Art, Architecture & Photography
Early Years: 1898–1940 by Jed Perl
(Oct. 31, hardcover, $50, ISBN 978-0-
307-27272-0) is an authoritative biography of 20th-century sculptor, Alexander
Calder, based on a wealth of letters and
papers never before available.
What Heaven Looks Like: Comments
on a Strange Wordless Book by James
Elkins (Sept. 19, hardcover, $25, ISBN 978-
1-946053-02-2) reproduces an 18th-cen-
tury book of watercolors by an unknown
artist alongside commentary by the art
historian obsessed with the artifact.
David Sedaris Diaries: A Visual
Compendium by David Sedaris and
Jeffrey Jenkins (Oct. 10, hardcover, $50,
ISBN 978-0-316-43171-2) is an illustrated volume of artwork, images, and
observations selected from the diaries of
author Sedaris. 50,000-copy announced
Travels with Frank Lloyd Wright: The
First Global Architect by Gwyn Lloyd
Jones (Oct. 1, hardcover, $59.95, ISBN
978-1-84822-226-7). By retracing Frank
Lloyd Wright’s footsteps on journeys he
made outside of the U.S., this book
explores his global ambitions and his
lasting legacy, and offers a contemporary
view of Wright and his architecture.
The Condition of Being Here: Drawings
by Jasper Johns, essay by David Breslin
(Oct. 24, hardcover, $30, ISBN 978-0-
300-22930-1), gathers nearly 40 of Johns’s
drawings, spanning 60 years of his illustrious career and encompassing his most
famous recurring motifs, including flags,
targets, and numbers.
METROPOLITAN MUSEUM OF
Delirious: Art at the Limits of Reason,
1950–1980 by Kelly Baum, Lucy
Bradnock, and Tina Rivers Ryan (Oct.
10, hardcover, $50, ISBN 978-1-58839-
633-4) addresses a selection of maniacal,
eccentric, and disorienting artworks
made between 1950 and 1980 in this
unconventional evaluation of postwar art
through the lens of delirium.
The Silver Caesars: A Renaissance
Mystery, edited by Julia Siemon (Jan. 16,
trade paper, $50, ISBN 978-1-58839-
639-6), showcases the minute, intricate
reliefs on the 12 silver-gilt cups known as
the Aldobrandini Tazze featuring figures
and scenes from Suetonius’s classic work
The Twelve Caesars.
MICHIGAN STATE UNIV.
Ubuntutu: Tributes to Archbishop
Desmond and Leah Tutu by Quilt
Artists from South Africa and the
United States, edited by Marsha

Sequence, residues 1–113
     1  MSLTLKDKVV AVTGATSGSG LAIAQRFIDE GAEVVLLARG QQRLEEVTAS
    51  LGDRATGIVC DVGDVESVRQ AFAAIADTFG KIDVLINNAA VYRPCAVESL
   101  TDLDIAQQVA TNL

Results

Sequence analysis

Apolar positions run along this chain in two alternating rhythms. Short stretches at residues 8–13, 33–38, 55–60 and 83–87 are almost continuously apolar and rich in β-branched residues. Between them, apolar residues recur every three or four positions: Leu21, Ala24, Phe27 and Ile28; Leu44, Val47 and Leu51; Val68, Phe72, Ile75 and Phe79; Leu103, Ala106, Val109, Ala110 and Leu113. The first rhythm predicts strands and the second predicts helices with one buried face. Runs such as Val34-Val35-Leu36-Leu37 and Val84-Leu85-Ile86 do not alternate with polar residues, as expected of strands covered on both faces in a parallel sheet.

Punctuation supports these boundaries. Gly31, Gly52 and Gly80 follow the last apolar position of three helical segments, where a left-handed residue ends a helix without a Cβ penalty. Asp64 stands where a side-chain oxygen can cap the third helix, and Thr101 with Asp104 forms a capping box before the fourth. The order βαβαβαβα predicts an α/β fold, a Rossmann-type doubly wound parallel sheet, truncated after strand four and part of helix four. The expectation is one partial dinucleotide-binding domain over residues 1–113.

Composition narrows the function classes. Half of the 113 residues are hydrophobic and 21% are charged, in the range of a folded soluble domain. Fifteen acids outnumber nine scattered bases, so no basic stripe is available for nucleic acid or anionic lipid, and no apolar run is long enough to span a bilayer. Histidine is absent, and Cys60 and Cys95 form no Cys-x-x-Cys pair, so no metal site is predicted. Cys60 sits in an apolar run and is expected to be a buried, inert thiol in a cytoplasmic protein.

MacDowell and Aleia Brown (Aug. 1,
trade paper, $40, ISBN 978-0-944311-
26-4), features quilts that pay tribute to
the memorable contributions that
Archbishop Desmond Tutu, the first
black archbishop of Cape Town, and his
wife, Leah, have made in addressing
Citymakers by Cassim Shepard, photos
by Alex Fradkin, foreword by Rosalie
Genevro (Sept. 5, trade paper, $45, ISBN
978-1-58093-485-5), surveys in words
and photographs how citizens including
community gardeners, architects, and
housing advocates are now influencing
urbanism, along with planners, politicians, and power brokers.
THE MUSEUM OF MODERN ART
Items: Is Fashion Modern? by Paola
Antonelli and Michelle Millar Fisher
(Sept. 26, hardcover, $45, ISBN 978-1-
63345-036-3). Published to accompany
the first fashion exhibition at MoMA
since 1944, this book presents 111 items
of clothing and accessories that have had
a profound impact on global culture in
the 20th and 21st centuries.
Louise Bourgeois: An Unfolding
Portrait by Deborah Wye (Sept. 19,
hardcover, $55, ISBN 978-1-63345-
041-7) explores the prints and books of
the celebrated sculptor whose little-known body of work in prints is vast in
scope and significant within her larger
practice; published in conjunction with
the exhibition at MoMA.
View from Above: An Astronaut
Photographs the World by Terry Virts
(Oct. 3, hardcover, $40, ISBN 978-1-
4262-1864-4) offers a view of Earth from
outer space, featuring imagery taken
from the International Space Station by
NASA astronaut Virts.
Out: LGBTQ Poland by Maciek
Nabrdalik (Dec. 5, trade paper, $21.95,
ISBN 978-1-62097-369-1). This photo
essay by a Warsaw photographer explores
issues of identity and citizenship in Poland’s
LGBTQ community through portraits
inspired by the passport photo format.
American Libraries 1730–1950 by
Kenneth Breisch (Sept. 5, hardcover, $75,
ISBN 978-0-393-73160-6) is an expansive overview of our storehouses of knowledge, from the earliest library building,
in Philadelphia, 1745, to midcentury
modern and beyond.
Meetings with Remarkable Manuscripts:
Twelve Journeys into the Medieval
World by Christopher de Hamel (Oct. 24,
hardcover, $45, ISBN 978-1-59420-611-5).
The former head of manuscripts at
Sotheby’s explores the medieval world
through 12 manuscripts.
Annie Leibovitz: Portraits 2005–2016
by Annie Leibovitz (Oct. 25, hardcover,
$89.95, ISBN 978-0-7148-7513-2)
Famous portraits sit side by side with
never before published photographs in the
latest collection by renowned photographer Leibovitz.
Artists Who Make Books, edited by
Andrew Roth, Philip E. Aarons, and